Ten Important Ways To Help Avoid Skin Cancer This Summer, Courtesy of Laser Skin Care Center in Long

By John Grossi

Welcome to May in Southern California. Each morning we wake up to gray clouds that cover the skies, but by afternoon, the clouds scatter and the sun peaks through with glowing warmth and beautiful sunshine. As if to remind us that soon our 5 months-long summer will begin.


Blue skies and sunshine rank high among the reasons millions of us live along the California Coast, and indeed, spending a third of the year laying out at the beach is a perk to appreciate.


However, if you are not using protection and monitoring your skin, sun bathing can unfortunately be highly detrimental to your health.


May is Skin Cancer Awareness Month, so in preparation for the day we ditch work early and hit the beach for some summer sun, we thought we would check in with our local Laser Skin Care Center, right here in Long Beach. Who better than two of the region’s most respected dermatologists to remind us of how important it is to protect our body’s largest organ?



“Awareness is key because so many people view skin cancer as ‘someone else’s problem.’ They may think that it only affects older people or fair-skinned people. The reality is that about 3 million skin cancers a year are diagnosed and they come from every age, skin color, skin type, and ethnicity,” says Laser Skin Care Center’s Dr. Glassberg.


Dr. Glassberg is one of the founding dermatologists of the massive and impressive Laser Skin Care Center, located in the heart of Long Beach and servicing all of Southern California with all-inclusive, state-of-the-art medical and cosmetic services and doctors.


Among other specialties, Dr. Glassberg is the practice’s primary Mohs Micrographic surgeon, which means he removes cancers from the skin on a regular basis. Laser Skin Care Center’s office alone diagnoses around 2,000 skin cancers a year. Thanks to a thorough and regular screening of all their patients, and an expert staff, the majority of detected cancers can be removed before they become deadly.


Dr. Bryna Kane, the senior founding member at Laser Skin Care Center, urges the public to understand how important regular skin care checkups are to their long-term health.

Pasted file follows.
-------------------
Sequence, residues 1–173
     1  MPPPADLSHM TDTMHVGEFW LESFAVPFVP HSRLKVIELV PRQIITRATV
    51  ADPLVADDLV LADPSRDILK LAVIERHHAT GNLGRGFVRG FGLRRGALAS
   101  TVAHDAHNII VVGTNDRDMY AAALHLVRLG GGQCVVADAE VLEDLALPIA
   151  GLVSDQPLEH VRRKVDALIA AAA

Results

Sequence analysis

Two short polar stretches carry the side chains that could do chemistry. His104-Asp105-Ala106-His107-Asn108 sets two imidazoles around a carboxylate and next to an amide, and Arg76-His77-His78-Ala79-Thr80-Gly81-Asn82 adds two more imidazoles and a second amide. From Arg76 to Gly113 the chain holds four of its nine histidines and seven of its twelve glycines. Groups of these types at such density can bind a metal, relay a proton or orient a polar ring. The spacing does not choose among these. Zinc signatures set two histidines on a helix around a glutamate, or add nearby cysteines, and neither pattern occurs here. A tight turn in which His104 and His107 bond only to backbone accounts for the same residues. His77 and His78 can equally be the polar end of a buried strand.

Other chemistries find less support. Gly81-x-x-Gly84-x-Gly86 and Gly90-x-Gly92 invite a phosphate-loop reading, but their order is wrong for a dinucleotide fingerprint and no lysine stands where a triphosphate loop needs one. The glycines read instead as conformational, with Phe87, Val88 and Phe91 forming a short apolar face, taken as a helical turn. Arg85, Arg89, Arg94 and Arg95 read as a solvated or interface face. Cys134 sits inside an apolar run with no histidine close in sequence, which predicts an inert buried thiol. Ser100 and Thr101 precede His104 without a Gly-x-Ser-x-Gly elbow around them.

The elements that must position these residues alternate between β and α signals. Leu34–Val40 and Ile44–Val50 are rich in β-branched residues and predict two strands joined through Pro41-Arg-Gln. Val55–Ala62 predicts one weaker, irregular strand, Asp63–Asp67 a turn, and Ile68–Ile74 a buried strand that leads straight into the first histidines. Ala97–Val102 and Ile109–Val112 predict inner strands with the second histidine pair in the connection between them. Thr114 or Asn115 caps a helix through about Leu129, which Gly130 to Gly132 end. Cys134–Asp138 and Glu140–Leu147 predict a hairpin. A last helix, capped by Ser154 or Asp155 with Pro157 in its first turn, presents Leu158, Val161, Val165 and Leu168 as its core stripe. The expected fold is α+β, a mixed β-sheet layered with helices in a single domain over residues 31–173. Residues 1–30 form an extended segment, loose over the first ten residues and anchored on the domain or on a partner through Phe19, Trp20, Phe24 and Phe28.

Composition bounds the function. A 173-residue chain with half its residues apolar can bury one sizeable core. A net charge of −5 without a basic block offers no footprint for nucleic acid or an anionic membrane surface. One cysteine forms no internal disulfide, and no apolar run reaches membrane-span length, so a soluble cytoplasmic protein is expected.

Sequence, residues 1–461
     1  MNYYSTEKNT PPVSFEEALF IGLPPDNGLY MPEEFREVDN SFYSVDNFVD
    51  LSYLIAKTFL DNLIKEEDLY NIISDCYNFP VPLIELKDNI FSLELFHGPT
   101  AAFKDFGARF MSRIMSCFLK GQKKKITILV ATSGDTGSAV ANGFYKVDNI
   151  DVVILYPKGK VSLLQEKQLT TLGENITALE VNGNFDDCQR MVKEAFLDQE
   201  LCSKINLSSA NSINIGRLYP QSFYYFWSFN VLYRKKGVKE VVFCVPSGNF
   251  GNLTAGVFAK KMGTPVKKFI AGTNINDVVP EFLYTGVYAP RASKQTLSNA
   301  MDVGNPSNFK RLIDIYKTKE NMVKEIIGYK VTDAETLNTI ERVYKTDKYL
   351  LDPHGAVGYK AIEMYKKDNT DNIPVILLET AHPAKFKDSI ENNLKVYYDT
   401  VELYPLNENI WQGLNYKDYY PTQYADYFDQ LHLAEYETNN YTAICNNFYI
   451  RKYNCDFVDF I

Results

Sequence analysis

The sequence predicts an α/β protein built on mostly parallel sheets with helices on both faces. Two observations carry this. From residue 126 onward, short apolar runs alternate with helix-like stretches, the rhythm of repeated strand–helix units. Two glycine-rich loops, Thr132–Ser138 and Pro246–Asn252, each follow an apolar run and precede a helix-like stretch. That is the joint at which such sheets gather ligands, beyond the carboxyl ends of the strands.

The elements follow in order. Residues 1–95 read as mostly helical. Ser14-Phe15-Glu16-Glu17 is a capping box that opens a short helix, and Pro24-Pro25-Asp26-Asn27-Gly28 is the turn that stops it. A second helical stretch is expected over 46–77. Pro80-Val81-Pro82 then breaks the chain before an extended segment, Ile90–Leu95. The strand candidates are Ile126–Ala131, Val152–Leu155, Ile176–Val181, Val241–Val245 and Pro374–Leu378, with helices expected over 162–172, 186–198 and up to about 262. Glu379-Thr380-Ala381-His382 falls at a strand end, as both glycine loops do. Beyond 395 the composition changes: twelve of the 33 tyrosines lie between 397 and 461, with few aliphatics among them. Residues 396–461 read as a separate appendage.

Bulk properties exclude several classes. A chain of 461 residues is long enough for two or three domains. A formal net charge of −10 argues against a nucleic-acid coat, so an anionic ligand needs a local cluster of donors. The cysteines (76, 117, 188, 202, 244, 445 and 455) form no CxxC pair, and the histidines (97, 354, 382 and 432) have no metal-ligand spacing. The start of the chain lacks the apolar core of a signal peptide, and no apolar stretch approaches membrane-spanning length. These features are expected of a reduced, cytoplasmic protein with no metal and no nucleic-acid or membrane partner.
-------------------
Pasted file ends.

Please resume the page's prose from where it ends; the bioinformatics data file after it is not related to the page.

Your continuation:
No matter why you book an appointment at Laser Skin Care Center—be it cosmetic, or for dermatology purposes—it is standard practice for the Laser Skin Care Center experts to complete a full skin check each time you are in. Dr. Kane wants patients to make a clear connection between the fact that her medical office diagnoses 2,000 skin cancers a year, and the vast majority of those are treatable if caught early enough.



That means thousands of lives saved each year due to early detection. Dr. Kane recognizes, however, that for every patient who books a regular appointment at Laser Skin Care Center, there are many more who do not. Without early detection, skin cancers can quickly become deadly when they spread away from the skin.


The bad cases of skin cancer they do see, aren’t generally a different “type” of cancer. They’re just too far progressed.


This past year, Dr. Kane was pained to watch a young patient, with a young family here in Long Beach, pass away due to a melanoma that started behind his knee and had spread to his groin by the time she saw him. In this particular case, the man had known something was wrong for a few years, but unfortunately sought medical help from untrained eyes (meaning a primary doctor rather than a dermatologist), and the mass was ignored until it was too late.


This very sad case is the reason for the first bullet point of important steps each and every one of us can take to prevent skin cancer:


1) Regularly see a dermatologist to have screenings. At least once a year, and more often if you have a history or live a lifestyle that exposes you to lots of sun.


2) Always wear sunscreen when you are outside. Every day, even if you’re only outside for a short period of time.


3) There is no such thing as a good amount of sun exposure. All sun exposure is damaging your epidermis. Skin damage is cumulative so the less the better.


4) There is also no such thing as “it’s too late to start protecting yourself.” Even if you’ve sunbathed for many years, the minute you start protecting yourself the better chance you have at avoiding skin cancer. Remember, skin cancer is cumulative.


5) Cover yourself and wear sunscreen even when the skies are cloudy. The UV rays are still beating on your skin.


6) If you have to be in the sun, avoid the times when the UV rays are highest, from 11am-2 pm.


7) Never assume your skin type or color is not susceptible to damage. All skin types and all ages of people suffer from skin cancer.


8) If you’re worried about Vitamin D intake, try cheap and affordable supplements rather than excess time in the sun.



9) Self-diagnose often using the A-B-C-D-E moniker. Look for A (Asymmetry); B (Borders- are they uneven); C (Color- are there a variety of colors such as black, brown or tan); D (Diameter- has it grown larger than ¼ inch); and E (Evolution- is it changing in size, shape, color, elevation, another trait, or new symptom).


10) It’s worth repeating- see a dermatologist REGULARLY for screenings. Skin cancer is one of the most common types of cancers and is very treatable when caught early!


Have a happy summer, but cover up and stay safe!

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